China's ‘new type of Great Power relations’ : a G2 with Chinese characteristics? / Zeng, Jinghan; Breslin, Shaun.

In: International Affairs, Vol. 92, No. 4, 01.07.2016, p. 773-794.

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China's ‘new type of Great Power relations’ : a G2 with Chinese characteristics? / Zeng, Jinghan; Breslin, Shaun.

In: International Affairs, Vol. 92, No. 4, 01.07.2016, p. 773-794.

Research output: Contribution to journalArticle

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Zeng, Jinghan ; Breslin, Shaun. / China's ‘new type of Great Power relations’ : a G2 with Chinese characteristics?. In: International Affairs. 2016 ; Vol. 92, No. 4. pp. 773-794.

BibTeX

@article{97009aecf26244f7aae79c0f4ed46896,
title = "China's {\textquoteleft}new type of Great Power relations{\textquoteright}: a G2 with Chinese characteristics?",
abstract = "The rise of China has been reshaping how the country sees its own role in the world. China has become increasingly willing to move from being a norm and system taker to a norm and system shaper (if not yet maker). One example is Xi Jinping's promotion of {\textquoteleft}a new type of Great Power relations{\textquoteright} designed to create a strategic space in which to operate. By using a mixed quantitative/qualitative analysis, we analyse 141 Chinese articles titled with {\textquoteleft}new type of Great Power relations{\textquoteright}. We find that although Chinese analysts and policy makers rejected the idea of a G2 in 2009, the mainstream discourse has rapidly shifted to what we call a {\textquoteleft}G2 with Chinese characteristics{\textquoteright} which indicates a fundamental shift in Chinese evaluation of the power status of itself and others. While some Chinese scholars consider China to have already achieved the status as the world's No. 2 or even a superpower, the mainstream discourse views China as both a Great Power and a rising power at the same time. This, we argue, moderates the expectations of what China can and should do to resolve global problems despite its great power status.",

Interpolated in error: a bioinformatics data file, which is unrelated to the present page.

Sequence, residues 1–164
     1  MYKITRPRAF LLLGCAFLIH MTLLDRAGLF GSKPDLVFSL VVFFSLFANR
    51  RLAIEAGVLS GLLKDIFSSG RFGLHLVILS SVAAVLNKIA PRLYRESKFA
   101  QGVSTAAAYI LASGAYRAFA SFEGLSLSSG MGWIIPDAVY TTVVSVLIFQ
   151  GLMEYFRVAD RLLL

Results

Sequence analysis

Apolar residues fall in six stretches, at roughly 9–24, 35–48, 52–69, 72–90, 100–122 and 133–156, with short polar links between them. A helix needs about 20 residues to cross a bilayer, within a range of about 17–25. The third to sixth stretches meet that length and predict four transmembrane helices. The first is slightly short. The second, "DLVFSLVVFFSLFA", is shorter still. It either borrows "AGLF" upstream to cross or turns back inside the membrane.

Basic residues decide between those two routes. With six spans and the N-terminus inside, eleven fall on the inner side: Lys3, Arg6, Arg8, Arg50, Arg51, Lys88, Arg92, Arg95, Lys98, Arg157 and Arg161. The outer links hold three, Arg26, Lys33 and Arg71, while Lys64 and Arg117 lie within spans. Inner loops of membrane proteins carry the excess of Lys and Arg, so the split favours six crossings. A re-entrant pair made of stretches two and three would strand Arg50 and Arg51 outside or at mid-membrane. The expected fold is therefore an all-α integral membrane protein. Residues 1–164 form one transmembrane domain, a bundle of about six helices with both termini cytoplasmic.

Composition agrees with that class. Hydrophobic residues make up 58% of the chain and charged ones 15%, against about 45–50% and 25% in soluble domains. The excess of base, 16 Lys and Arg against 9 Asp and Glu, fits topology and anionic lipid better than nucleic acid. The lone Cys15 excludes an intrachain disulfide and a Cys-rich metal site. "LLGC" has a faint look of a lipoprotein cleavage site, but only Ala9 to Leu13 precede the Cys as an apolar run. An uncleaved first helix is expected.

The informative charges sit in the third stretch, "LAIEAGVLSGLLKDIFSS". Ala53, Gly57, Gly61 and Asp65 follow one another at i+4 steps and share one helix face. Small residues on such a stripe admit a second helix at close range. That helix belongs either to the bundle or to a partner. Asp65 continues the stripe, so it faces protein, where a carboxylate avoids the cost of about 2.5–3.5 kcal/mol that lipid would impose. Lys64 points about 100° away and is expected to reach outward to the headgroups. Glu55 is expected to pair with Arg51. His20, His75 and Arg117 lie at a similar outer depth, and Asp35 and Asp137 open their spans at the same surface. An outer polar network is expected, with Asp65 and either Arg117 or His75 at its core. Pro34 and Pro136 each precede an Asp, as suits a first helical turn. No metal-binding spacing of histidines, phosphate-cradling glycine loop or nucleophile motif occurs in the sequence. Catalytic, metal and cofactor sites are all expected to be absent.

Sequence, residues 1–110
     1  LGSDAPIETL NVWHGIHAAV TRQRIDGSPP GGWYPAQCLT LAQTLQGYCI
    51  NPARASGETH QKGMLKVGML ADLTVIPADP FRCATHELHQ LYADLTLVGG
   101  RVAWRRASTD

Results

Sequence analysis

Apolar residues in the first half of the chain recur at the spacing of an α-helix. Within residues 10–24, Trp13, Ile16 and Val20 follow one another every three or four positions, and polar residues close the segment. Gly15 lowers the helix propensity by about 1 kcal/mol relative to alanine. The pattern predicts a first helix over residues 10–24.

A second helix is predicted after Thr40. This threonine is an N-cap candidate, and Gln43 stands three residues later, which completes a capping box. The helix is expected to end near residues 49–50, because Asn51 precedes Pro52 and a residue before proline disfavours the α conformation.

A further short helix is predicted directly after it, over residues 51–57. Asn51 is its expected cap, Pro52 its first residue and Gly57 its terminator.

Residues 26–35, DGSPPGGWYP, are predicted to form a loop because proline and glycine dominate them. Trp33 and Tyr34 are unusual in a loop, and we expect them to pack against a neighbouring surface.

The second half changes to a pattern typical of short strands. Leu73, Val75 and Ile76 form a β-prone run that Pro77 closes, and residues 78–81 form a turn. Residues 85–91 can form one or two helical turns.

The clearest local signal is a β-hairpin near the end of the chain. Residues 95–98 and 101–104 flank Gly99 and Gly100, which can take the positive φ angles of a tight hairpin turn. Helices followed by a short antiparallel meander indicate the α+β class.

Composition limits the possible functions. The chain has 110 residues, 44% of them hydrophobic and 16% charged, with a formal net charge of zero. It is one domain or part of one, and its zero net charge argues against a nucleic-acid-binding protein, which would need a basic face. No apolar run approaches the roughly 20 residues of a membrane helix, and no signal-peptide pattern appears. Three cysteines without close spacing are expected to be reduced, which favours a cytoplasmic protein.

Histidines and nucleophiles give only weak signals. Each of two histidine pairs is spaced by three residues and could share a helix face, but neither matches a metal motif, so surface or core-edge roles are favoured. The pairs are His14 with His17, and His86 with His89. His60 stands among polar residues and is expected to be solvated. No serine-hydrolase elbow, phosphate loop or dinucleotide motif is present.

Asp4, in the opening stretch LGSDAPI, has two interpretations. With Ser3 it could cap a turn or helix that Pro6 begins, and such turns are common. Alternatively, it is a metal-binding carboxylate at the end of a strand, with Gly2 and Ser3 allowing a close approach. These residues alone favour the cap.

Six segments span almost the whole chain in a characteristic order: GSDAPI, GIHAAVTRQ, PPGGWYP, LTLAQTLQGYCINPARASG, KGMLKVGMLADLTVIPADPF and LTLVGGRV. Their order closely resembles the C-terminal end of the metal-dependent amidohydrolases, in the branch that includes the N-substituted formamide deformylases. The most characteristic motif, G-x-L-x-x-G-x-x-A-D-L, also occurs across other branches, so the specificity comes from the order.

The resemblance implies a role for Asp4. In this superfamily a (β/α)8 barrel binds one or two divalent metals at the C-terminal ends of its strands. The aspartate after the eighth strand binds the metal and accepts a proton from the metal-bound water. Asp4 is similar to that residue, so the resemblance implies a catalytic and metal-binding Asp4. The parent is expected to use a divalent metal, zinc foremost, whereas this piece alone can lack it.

author = "Jinghan Zeng and Shaun Breslin",
year = "2016",
month = jul
day = "1",
doi = "10.1111/1468-2346.12656",
language = "English",
volume = "92",
pages = "773--794",
journal = "International Affairs",
issn = "0020-5850",
publisher = "Wiley-Blackwell",
number = "4",

}

RIS

TY - JOUR

T1 - China's ‘new type of Great Power relations’

T2 - a G2 with Chinese characteristics?

AU - Zeng, Jinghan

AU - Breslin, Shaun

PY - 2016/7/1

Y1 - 2016/7/1

N2 - The rise of China has been reshaping how the country sees its own role in the world. China has become increasingly willing to move from being a norm and system taker to a norm and system shaper (if not yet maker). One example is Xi Jinping's promotion of ‘a new type of Great Power relations’ designed to create a strategic space in which to operate. By using a mixed quantitative/qualitative analysis, we analyse 141 Chinese articles titled with ‘new type of Great Power relations’. We find that although Chinese analysts and policy makers rejected the idea of a G2 in 2009, the mainstream discourse has rapidly shifted to what we call a ‘G2 with Chinese characteristics’ which indicates a fundamental shift in Chinese evaluation of the power status of itself and others. While some Chinese scholars consider China to have already achieved the status as the world's No. 2 or even a superpower, the mainstream discourse views China as both a Great Power and a rising power at the same time. This, we argue, moderates the expectations of what China can and should do to resolve global problems despite its great power status.

AB - The rise of China has been reshaping how the country sees its own role in the world. China has become increasingly willing to move from being a norm and system taker to a norm and system shaper (if not yet maker). One example is Xi Jinping's promotion of ‘a new type of Great Power relations’ designed to create a strategic space in which to operate. By using a mixed quantitative/qualitative analysis, we analyse 141 Chinese articles titled with ‘new type of Great Power relations’. We find that although Chinese analysts and policy makers rejected the idea of a G2 in 2009, the mainstream discourse has rapidly shifted to what we call a ‘G2 with Chinese characteristics’ which indicates a fundamental shift in Chinese evaluation of the power status of itself and others. While some Chinese scholars consider China to have already achieved the status as the world's No. 2 or even a superpower, the mainstream discourse views China as both a Great Power and a rising power at the same time. This, we argue, moderates the expectations of what China can and should do to resolve global problems despite its great power status.

U2 - 10.1111/1468-2346.12656

DO - 10.1111/1468-2346.12656

M3 - Article

VL - 92

SP - 773

EP - 794

JO - International Affairs

JF - International Affairs

SN - 0020-5850

IS - 4

ER -